At the risk of generalizing too much, Alabama seems to have a knack for ignoring. Forty years after KKK members bombed a Baptist church, killing four black girls, it took a prosecutor named Doug Jones to finally bring them to justice; their identities had long been known to authorities. They were just … ignored. That bombing, in Birmingham in 1963, occurred as the South convulsed with marches and demands. Martin Luther King Jr., a young preacher in the first capital of the Confederacy who every Sunday delivered sermons extolling the need for equality almost literally in the shadow of the statue of the man who led a war to deny that equality to men like King. By 1965, King led a march for voting rights up the same steps where Davis had delivered his inaugural address as president of the nation founded explicitly on the denial of humanity to dark-skinned people.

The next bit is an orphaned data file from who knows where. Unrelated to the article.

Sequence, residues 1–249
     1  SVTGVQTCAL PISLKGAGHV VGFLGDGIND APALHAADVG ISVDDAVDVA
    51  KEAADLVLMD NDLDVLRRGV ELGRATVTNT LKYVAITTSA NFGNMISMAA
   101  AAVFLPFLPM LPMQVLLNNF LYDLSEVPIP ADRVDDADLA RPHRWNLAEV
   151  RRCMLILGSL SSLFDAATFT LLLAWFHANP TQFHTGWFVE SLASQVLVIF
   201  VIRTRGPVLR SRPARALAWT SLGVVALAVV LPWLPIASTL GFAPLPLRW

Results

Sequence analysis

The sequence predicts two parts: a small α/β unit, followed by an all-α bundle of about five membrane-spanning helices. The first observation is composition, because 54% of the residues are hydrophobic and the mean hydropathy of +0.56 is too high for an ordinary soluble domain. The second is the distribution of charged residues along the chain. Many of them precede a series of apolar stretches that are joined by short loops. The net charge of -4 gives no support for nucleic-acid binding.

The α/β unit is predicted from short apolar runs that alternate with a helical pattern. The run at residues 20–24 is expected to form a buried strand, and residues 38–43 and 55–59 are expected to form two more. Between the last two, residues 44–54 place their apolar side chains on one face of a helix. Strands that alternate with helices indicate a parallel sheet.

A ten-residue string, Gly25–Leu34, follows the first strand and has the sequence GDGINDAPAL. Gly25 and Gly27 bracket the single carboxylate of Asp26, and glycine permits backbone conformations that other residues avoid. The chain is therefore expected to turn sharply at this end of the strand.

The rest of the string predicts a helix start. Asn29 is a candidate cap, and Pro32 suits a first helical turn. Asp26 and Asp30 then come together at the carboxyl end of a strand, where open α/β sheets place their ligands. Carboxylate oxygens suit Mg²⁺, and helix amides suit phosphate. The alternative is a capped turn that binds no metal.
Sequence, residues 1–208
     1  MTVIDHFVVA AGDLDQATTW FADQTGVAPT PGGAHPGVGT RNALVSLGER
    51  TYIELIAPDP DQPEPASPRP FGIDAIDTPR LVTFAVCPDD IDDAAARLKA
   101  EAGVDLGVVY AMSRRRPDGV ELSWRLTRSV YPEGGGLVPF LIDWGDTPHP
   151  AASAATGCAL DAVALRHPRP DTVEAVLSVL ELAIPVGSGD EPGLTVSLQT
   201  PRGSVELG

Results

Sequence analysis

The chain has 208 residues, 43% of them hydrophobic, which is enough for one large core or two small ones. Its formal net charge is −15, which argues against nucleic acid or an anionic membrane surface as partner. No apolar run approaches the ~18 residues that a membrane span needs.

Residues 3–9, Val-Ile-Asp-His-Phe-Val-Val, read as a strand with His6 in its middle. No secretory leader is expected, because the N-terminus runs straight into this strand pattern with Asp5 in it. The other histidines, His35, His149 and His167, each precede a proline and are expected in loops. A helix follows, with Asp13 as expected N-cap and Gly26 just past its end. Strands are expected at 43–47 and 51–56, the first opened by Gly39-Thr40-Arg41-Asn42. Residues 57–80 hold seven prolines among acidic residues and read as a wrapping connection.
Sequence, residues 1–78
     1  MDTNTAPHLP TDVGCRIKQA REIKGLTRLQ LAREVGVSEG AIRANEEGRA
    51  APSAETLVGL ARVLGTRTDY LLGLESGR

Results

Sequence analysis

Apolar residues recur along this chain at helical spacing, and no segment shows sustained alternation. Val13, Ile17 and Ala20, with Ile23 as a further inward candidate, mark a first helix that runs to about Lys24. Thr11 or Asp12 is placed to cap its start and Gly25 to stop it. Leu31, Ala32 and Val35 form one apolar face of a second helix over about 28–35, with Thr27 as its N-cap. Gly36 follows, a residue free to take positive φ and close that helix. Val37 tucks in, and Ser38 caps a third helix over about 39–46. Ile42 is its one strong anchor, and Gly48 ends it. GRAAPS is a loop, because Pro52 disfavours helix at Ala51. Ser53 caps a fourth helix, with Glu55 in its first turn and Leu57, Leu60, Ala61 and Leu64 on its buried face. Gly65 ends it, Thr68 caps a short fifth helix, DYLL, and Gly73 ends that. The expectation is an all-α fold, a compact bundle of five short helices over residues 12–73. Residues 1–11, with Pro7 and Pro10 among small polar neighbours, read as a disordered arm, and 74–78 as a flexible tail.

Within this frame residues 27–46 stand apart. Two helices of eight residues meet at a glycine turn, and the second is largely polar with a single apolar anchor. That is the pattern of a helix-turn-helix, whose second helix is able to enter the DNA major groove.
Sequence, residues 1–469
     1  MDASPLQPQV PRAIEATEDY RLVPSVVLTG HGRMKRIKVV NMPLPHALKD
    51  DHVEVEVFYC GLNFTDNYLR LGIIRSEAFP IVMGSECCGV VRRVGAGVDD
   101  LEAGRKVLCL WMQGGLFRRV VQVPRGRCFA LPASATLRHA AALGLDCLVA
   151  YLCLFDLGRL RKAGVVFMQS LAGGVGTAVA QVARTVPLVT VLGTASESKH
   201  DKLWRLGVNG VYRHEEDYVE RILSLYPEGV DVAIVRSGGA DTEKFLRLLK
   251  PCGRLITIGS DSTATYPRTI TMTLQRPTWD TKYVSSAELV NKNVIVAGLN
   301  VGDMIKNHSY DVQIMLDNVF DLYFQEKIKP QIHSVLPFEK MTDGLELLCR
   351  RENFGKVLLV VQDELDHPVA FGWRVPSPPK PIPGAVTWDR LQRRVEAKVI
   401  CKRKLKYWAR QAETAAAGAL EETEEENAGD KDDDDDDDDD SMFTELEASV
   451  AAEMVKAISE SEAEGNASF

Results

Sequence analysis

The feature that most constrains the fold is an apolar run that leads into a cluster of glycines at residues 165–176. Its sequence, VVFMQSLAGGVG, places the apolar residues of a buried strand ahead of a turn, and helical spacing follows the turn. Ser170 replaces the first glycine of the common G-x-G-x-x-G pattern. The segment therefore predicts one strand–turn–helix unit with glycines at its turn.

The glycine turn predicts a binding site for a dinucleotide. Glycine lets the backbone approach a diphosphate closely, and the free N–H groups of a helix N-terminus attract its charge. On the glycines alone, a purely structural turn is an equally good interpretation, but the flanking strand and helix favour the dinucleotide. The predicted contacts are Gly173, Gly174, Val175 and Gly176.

For decades, the descendants of the enslaved had been denied their voice. In a nation that preaches the power of the vote and the principle of democracy, black men and women had been stripped of that power, and with it their place as true citizens of a country they had been forced to inhabit. Even after the march from Selma to Montgomery left bloodstains in the 60-million-year-old dirt, African Americans found themselves struggling to make themselves heard. Restrictions on voting for convicted felons. Voter ID laws. No early voting. No online registration. Police intimidation at polling places. Voting, the one measure of power granted to every person born in the United States, the primary tool of self-governance, was granted only reluctantly to those who arguably needed it most desperately.